Yak Attack

A place to unwind and spend some time yakking.

Wednesday, January 25, 2006

Dear readers, let's yak about art.

Please give a warm round of applause for Yak Attack’s first regular feature. Each week, I’m going to highlight an artist. I’ve had such a blast checking out Artcyclopedia, that I want to continue combing through their archives. Art history was my major in college, too, so it’s been refreshing to dust off some of those memories and create new ones.

In the movie, The Truth about Cats and Dogs, Abby (Janeane Garofalo) makes a quip about “Dada meets Fido,” when she looks at Brian’s (Ben Chaplin) photos. I’m not familiar with the Dada art movement, so this is where my quest for this week’s artist began.

Dada, it turns out, was a short lived movement that sprang up in Europe as a protest against World War 1, traditional conservative thought and the middle class’ preoccupation with materialism. Nihilist in nature, the artists’ of the Dada movement produced “anti-art,” striving to subscribe no inherent meaning to their work. 1916 to 1920 are the most active years of Dada artists. Surrealism evolved from the ashes of dadaism. You might say these two artist groups are the “punks of art,” since they embrace similar nihilist attitude, characteristic of punk bands.

Max Ernst, Yak Attack’s artist of the week, was part of the Cologne, Germany Dada group. In 1922, he moved to Montparnasse, an artist community in Paris, and became involved in surrealism. He was still in Paris when World War 2 broke out, and was one of the artists that Varian Fry helped rescue from the Nazis.

Ernst loved to experiement with different artistic techniques and this experimentation led to his invention of frottage, which involved making a pencil rubbing of a textured surface. The radomness of the resulting image appealed to dadaist theory. He also poineered the surrealist technique of grattage, which involves scraping off paint from the canvas. The paint is typically dry when it is scraped off.

A wild example of Ernst’s work while he was in Cologne is The Gramineous Bicycle Garnished with Bells the Dappled Fire Damps and the Echinoderms Bending the Spine to Look for Caresses. It has a cellular feel combined with clockwork mechanisms that dominate the painting. Earthy browns and blacks, accented with hot dog mustard yellow, create the color scheme. I get a kick out of the middle organism that appears to have wings—Mr. Potato Head or the boss mushroom-headed creature from Super Mario Brothers? I’ll leave that up to you to decide.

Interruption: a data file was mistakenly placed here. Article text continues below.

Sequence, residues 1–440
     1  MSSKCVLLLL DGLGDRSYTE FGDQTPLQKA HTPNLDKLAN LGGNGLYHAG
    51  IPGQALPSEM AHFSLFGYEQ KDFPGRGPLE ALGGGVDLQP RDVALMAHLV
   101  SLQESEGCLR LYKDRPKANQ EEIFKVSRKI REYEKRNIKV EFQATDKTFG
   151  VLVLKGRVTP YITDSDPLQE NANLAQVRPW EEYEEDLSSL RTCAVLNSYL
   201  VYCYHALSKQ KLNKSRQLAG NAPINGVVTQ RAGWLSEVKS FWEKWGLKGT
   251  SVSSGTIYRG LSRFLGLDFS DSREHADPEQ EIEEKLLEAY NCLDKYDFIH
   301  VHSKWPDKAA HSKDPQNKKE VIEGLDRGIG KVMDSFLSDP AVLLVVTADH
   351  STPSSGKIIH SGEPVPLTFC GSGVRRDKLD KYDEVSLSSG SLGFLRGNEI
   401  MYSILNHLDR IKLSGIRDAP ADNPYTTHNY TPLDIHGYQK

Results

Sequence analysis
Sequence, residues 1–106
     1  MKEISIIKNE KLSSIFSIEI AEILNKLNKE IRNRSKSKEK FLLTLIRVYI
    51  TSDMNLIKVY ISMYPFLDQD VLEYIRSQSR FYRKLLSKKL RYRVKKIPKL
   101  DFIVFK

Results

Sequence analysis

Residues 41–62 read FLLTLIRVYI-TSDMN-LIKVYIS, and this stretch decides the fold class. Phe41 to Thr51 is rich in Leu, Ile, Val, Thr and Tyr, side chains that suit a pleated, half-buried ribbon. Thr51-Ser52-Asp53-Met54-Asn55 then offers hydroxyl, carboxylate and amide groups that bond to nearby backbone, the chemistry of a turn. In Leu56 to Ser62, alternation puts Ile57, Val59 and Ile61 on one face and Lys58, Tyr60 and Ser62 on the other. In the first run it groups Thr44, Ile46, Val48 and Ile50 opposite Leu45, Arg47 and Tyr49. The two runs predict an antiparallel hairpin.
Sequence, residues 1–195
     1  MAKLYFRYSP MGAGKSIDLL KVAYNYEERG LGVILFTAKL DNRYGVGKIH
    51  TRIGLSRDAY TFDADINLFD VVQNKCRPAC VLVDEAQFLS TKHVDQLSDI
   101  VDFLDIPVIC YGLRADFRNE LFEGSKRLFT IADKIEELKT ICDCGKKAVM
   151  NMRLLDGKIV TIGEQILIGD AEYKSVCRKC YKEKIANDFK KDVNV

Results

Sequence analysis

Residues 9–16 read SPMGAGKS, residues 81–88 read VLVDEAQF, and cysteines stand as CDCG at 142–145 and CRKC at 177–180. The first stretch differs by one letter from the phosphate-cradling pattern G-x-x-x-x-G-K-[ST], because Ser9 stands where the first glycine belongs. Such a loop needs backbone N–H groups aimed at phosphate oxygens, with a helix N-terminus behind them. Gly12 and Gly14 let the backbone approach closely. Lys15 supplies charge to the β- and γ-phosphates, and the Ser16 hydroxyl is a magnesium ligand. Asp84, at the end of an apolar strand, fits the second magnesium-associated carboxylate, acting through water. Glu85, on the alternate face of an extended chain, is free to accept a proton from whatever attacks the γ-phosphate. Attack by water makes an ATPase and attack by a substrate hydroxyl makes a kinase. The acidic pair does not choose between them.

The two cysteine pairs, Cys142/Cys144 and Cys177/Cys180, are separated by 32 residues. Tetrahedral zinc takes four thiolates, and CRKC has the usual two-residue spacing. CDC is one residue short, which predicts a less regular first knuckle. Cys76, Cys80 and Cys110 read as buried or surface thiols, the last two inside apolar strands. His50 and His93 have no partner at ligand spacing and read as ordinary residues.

Loplop Introduces a Young Girl, painted in 1930, when Ernst was living in Montparnasse, features the bird-slash-human creature Loplop. This is Ernst’s bird alter-ego, which guest-hosts in many of his paintings. The various medium (plaster, oil and other materials on wood) used give this painting fun dimension and texture. The clock-like dial looks to me like it’s bleeding—maybe it was a sign of the times, with the turmoil mounting in Europe, or what the future holds for women. The tiny frog at the bottom is so minuscule, watching the action unfold above.

The Temptation of St. Anthony was produced in 1945, when Ernst resided in the US, after Fry helped him escape World War 2 Paris and the Nazis. The scene in this painting is incredibly detailed and nightmarish, depicting the skirmishes St. Anthony had with demonic creatures as he sought solitude in a tomb outside his village’s boundary. This painting was produced during the time period his marriage toPeggy Guggenheim (who helped Fry liberate Ernst) fell apart and before he married Dorthea Tanning in 1946. Perhaps some of Ernst’s emotional stress leaked out on the canvas as well?

His humor shows up in several of his painting, like in the infamous The Virgin Spanking the Christ Child before Three Witnesses: Andre' Brenton, Paul E'luard, and the Painter. Painted back in 1926, it was met with much resistance. Look at the painters’ faces, though, in the window and the Virgin Mary’s exhausted look. Being mother to the Messiah couldn’t have been easy, and it shows on her face. The details, like toddler Jesus’ rosy cheeks and his halo falling to the floor, make the Christ child more approachable.

I encourage you to browse through the catalogue of Ernst’s work. He used a suprising array of colors and styles through out his career, constantly evading the tumble into a stylistic rut.


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